When asked about specifics of the proposed lawsuit, the San Antonio attorney said, “I am not well versed in civil law, and the action might be handled by some other attorneys I’m looking for now. I don’t know whether individuals would be named or not."
Back on the profit motive, the attorney also said he had uiformation that the New Braunfels Police Department “rakes iii about $3,000 a night” during Wurstfest, and that officers have the attitude of "okay, boys will lie boys Let’s leave ’em alone, and make tluit extra buck.”
Police Chief Burney Boeck’s response was tempered with forethought and tact. “My mission is not dollars and cents, but to maintain luw and order. This office under my management for the last IO years has never given the instructions to officers of boys will be boys.’ My officers don’t make money off Wurstfest, and any information Mr. Huben Sandoval has otherwise borders on a be."
Boeck said he was deeply disappointed in Sandoval’s tactics. “We sat down and talked I back when the Courthouse picketing was going oni. We got something accomplished, and for him to slander my police department like this well, ifs a slap in the
See SAVAGE. Page IDA
NBISD reaches goals in tests, plan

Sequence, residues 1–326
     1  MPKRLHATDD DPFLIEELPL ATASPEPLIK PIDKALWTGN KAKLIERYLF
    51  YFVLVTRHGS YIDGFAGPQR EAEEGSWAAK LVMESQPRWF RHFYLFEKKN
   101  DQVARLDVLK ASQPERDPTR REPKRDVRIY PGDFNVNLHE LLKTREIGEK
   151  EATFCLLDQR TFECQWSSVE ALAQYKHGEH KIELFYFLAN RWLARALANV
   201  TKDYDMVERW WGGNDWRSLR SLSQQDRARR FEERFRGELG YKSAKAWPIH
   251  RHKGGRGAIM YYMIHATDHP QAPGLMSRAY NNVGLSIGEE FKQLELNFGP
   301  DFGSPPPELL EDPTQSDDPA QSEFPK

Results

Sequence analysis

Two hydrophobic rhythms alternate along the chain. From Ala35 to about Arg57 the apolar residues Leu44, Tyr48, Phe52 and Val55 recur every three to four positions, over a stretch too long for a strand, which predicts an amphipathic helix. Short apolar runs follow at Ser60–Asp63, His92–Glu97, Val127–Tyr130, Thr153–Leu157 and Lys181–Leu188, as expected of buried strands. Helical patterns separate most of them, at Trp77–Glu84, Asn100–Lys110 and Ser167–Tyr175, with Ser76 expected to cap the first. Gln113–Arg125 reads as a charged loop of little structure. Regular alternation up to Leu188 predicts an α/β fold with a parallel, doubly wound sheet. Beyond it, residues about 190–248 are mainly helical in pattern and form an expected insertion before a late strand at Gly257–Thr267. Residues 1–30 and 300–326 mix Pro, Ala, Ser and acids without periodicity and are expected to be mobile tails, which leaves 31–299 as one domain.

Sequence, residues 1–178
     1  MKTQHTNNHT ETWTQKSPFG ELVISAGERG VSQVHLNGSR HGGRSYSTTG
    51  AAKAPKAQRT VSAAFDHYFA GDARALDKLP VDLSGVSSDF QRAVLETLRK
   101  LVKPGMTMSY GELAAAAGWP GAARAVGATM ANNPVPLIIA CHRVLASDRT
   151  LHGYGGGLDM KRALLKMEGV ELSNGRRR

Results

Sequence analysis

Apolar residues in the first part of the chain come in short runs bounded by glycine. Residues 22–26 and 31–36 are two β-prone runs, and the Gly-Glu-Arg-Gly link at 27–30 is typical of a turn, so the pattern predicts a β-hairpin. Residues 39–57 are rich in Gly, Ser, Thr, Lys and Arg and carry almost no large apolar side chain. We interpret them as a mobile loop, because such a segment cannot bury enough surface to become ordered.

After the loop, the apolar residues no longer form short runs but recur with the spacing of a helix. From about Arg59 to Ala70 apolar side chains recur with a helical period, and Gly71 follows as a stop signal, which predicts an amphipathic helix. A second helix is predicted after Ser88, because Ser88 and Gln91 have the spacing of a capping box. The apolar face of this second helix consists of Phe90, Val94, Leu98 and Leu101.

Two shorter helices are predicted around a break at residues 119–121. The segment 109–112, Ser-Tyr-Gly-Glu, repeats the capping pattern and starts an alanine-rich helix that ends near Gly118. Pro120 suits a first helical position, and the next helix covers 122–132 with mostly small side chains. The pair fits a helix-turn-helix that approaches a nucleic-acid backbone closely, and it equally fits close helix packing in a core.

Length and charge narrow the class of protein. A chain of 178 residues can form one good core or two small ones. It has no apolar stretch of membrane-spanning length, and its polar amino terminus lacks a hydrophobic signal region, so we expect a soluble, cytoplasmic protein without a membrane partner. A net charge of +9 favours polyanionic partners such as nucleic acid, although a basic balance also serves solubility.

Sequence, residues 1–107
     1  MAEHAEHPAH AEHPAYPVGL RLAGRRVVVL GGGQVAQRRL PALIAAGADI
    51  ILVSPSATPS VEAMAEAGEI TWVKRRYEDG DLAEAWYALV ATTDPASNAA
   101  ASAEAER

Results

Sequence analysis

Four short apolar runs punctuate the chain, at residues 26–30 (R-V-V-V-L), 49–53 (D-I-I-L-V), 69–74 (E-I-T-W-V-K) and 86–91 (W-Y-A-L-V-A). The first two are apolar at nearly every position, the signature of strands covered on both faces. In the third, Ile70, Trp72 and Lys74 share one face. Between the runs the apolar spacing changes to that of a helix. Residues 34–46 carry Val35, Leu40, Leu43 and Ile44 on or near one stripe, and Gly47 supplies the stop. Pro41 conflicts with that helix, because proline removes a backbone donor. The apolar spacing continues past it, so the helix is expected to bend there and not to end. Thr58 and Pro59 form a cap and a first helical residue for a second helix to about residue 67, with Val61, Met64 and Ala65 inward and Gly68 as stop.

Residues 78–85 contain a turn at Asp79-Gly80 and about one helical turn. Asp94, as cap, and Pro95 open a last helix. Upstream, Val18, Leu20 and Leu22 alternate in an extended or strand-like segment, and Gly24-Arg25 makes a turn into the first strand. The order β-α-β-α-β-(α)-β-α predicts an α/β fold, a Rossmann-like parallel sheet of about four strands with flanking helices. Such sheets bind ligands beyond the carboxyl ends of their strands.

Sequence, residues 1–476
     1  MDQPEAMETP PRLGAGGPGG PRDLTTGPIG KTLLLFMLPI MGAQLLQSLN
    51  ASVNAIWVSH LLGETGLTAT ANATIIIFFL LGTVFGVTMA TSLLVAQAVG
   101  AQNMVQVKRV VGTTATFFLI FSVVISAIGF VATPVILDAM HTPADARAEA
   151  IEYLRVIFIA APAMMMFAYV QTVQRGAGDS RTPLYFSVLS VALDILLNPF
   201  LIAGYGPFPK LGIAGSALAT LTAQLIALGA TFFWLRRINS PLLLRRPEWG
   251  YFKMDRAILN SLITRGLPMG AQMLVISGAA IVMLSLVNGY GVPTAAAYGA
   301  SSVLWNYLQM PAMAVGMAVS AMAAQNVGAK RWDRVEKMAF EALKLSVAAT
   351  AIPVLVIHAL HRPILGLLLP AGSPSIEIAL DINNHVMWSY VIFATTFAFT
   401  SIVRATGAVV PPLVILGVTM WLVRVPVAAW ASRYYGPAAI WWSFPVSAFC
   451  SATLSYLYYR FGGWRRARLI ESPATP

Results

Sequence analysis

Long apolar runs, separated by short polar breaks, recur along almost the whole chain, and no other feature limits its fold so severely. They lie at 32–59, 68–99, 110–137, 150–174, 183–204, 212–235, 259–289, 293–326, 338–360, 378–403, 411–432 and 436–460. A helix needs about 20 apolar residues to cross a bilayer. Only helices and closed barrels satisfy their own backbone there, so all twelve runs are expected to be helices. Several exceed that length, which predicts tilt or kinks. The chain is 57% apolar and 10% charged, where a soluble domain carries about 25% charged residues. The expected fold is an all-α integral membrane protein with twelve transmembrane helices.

By JACQUELINE SMITH Staff writer
Flu Pacharzma did everything bul stand up and cheer when she presented results of tlus year’s basic skills tests to tin* New Braunfels school board Pacharzuia administrative assistant Midi the New Braunfels Independent School District, was proud of the test results, which measured students* knowledge iii reading, writing and mathematics But Pac ha re in* like other district officials
was also pleased and relieved Rial test results showed NBISD Itad met its five-year plan.
• This has been a long road,” she said, referring to the process NBISD lias undergone since 1976 to organize its five-year plan and meet the goals outlined iii tliat plan NBISD was tlw first Texas school district to go through a state accreditation cycle “TEA (Texas Education Association) several years ago" started a new system for accrediting schools, Patharzma explained They (TEA) decided that it was best for tile st 'lux »l district to set its own goals and accomplishments "
Following TEA’s reorganization, NBISD began
planning til 1976 for its first five-year plan designed to “raise students’ learning in reading, language arts and mathematics,” she added The goals iii that first plan, which went into effect iii 1978, “iii nearly all cases were either reached or ex ce filed our goal," she told die board.